22 January 2009

Sausage Visuals

More sausage links today... this time with pictures. Those of you who are squeamish about what the internet makes have been warned!

  • The second half of Professor Baker's essay on what ails journalism (or is that Ailes? but that's an argument for another time) has appeared at Balkinization. I think he is profoundly wrong in his prescription — a government subsidy for the press. It reminds me of my own experiences in the military, which were echoed in Colin Powell's autobiography.

    Powell had a problem with in-service rates for helicopters in Germany, and eventually traced it down to differing standards: The maintenance technical orders required a 70% in-service rate, but the Pentagon's force readiness system required a 75% in-service rate. Powell's solution — which is the wrong one, but that's another issue entirely — was to tell the maintenance people to ignore their technical orders, which were based on years of experience with the hardware and a realistic technical appraisal of the possible (not to mention indirect effects such as metal fatigue from overfrequent removing and replacing of panels), and meet the Pentagon standard. Not incidentally, that also meant that nobody had to buy more helicopters and pay more maintenance personnel to ensure that the right number of helicopters was available to meet mission requirements. That, however, is exactly what is at issue here: Should the post hoc financial statistics for journalism, or publishing in general, or for the entertainment industry, be measured against comparable enterprises... or against the universe of all investment possibilities?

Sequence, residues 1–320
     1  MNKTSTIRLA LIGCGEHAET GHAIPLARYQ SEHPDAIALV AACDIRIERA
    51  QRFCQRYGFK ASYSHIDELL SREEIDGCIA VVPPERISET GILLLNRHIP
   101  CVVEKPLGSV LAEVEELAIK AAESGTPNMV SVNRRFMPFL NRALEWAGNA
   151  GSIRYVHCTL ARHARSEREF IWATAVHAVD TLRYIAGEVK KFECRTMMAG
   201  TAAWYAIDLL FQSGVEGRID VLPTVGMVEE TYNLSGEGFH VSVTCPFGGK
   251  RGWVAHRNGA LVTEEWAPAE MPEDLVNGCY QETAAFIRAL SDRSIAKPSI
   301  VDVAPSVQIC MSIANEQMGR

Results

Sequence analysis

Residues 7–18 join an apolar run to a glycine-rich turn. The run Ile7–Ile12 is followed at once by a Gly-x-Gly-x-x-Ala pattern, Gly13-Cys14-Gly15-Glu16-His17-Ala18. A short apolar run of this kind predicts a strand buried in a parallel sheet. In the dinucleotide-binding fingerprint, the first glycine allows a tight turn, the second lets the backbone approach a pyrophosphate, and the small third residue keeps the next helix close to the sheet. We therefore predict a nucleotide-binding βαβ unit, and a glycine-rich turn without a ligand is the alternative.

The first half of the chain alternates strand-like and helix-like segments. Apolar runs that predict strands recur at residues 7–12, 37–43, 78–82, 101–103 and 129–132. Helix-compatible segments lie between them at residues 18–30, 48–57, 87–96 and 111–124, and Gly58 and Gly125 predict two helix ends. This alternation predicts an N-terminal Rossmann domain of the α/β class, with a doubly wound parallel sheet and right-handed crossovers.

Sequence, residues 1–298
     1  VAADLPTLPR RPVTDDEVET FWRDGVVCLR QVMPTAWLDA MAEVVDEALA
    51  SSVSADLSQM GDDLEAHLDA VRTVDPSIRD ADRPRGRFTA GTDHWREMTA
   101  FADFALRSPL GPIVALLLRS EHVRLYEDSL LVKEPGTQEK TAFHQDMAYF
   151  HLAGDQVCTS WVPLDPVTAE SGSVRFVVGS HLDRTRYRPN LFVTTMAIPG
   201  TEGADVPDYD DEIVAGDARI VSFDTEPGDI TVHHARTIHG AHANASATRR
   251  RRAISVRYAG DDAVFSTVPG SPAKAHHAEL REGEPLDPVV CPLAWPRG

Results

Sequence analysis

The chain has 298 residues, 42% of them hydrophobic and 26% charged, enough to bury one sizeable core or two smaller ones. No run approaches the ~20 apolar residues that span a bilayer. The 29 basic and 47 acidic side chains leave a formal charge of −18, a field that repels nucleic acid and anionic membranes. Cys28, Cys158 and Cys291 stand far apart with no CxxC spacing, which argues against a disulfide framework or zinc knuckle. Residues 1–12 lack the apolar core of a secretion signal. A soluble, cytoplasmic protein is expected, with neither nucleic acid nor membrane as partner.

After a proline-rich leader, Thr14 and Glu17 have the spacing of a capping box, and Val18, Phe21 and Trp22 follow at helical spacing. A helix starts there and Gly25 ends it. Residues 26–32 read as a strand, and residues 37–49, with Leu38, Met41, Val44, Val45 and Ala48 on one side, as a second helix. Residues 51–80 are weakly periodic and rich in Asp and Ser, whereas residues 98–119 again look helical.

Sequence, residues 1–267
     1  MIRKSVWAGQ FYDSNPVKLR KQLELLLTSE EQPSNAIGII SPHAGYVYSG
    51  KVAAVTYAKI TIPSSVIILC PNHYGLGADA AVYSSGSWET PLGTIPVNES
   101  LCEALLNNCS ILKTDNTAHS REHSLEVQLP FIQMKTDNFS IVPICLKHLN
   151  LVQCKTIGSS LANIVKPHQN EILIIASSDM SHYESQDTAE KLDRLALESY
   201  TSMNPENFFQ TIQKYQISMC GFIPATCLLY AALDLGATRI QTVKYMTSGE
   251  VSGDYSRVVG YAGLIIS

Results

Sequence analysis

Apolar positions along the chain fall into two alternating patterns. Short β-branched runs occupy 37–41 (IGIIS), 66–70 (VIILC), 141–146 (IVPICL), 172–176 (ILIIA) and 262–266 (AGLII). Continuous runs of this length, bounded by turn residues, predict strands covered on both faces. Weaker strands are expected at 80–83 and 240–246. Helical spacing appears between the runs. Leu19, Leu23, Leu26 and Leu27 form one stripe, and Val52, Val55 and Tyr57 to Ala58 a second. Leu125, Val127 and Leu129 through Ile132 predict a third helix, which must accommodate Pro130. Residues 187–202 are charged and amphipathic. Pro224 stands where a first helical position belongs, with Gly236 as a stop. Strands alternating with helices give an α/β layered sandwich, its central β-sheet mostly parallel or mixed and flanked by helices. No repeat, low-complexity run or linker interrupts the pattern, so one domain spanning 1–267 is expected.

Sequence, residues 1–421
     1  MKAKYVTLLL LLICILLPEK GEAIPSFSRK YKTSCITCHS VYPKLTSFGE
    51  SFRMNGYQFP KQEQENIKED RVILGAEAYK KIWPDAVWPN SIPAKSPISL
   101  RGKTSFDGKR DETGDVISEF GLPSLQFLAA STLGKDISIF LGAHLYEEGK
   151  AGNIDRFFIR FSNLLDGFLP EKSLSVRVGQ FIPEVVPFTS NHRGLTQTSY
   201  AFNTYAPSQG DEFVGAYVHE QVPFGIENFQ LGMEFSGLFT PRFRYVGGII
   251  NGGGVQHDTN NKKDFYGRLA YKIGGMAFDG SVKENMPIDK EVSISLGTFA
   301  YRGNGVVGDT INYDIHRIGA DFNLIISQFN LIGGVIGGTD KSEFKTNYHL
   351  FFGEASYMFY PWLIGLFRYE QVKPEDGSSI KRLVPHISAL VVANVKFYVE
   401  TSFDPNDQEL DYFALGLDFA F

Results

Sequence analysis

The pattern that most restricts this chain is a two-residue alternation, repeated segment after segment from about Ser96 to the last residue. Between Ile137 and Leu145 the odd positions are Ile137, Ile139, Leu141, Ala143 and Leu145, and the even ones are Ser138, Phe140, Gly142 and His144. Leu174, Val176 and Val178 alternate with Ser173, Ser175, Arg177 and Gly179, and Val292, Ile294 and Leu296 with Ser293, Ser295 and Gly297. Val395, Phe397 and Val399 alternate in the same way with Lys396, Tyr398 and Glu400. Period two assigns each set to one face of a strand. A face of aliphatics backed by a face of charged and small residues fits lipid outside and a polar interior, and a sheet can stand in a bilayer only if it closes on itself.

Thus far, the market has chosen Powell's "solution": Just measure against the universe for the present, and to hell with the unintended/unanticipated long-term consequences (such as insufficient replacement airframes to replace battle damage... which can't exactly be blamed on lazy mechanics). Professor Baker's "solution" is, essentially, to fudge the numbers by subsidizing the readiness rate with a 5% bonus. I question the basis for the numbers in the first place.

  • Roberts readministers oath to Obama on 21 Jan 2009Also at Balkinization, Professor Balkin himself (tongue firmly planted through about six cheeks) facetiously claims that Obama still isn't President, even though (as the photograph on the right documents) he retook the oath... correctly... on Wednesday. "Correctly" in another sense: There's no visible religious tome getting in the way of an oath concerning the State.
  • Meanwhile, in a victory for substance over dynasty, Caroline Kennedy withdrew her name to replace Hilary Clinton in the Senate, citing the always-illuminating "personal reasons." N.B. I have little argument with Caroline Kennedy's policy proposals and/or politics, primarily because they simply aren't visible; her books on public issues that I've read are rather carefully bland and nonprovocative. My distress is not that she is a member of a "political family," but that her membership in that family seems to be her only publicly stated qualification for office.
  • Oh, yeah. The Oscar nominations were announced this morning, including several leading candidates that shouldn't even be eligible. Thanks to the stupidity of the rules and the industry, a majority of the best picture nominees, and a substantial proportion of other nominees, weren't available to most of the nation during the eligibility period. Instead, they were in limited release in NY and LA only, which satisfies the eligibility rules.

    When I did a lot of book reviews, I had a strict policy that no review would be published until the work was actually available in stores here on the Silicon Prairie, in the middle of flyover country... and that any review I did based on an ARC would be confirmed by skimming an as-published copy. I wish that the Academy would adopt the same policy, so as to avoid awarding unfinished works (it is not unheard of for films to be partly reedited between those limited releases and the wide release). Frankly, I don't relish choosing between two films only for Best Picture (moving or otherwise).

  • athiest hellLast for the moment, but far from least (considering that snide-yet-serious remark at the end of the second item), I leave you with this thought from Saturday Morning Breakfast Cereal by way of Pharyngula.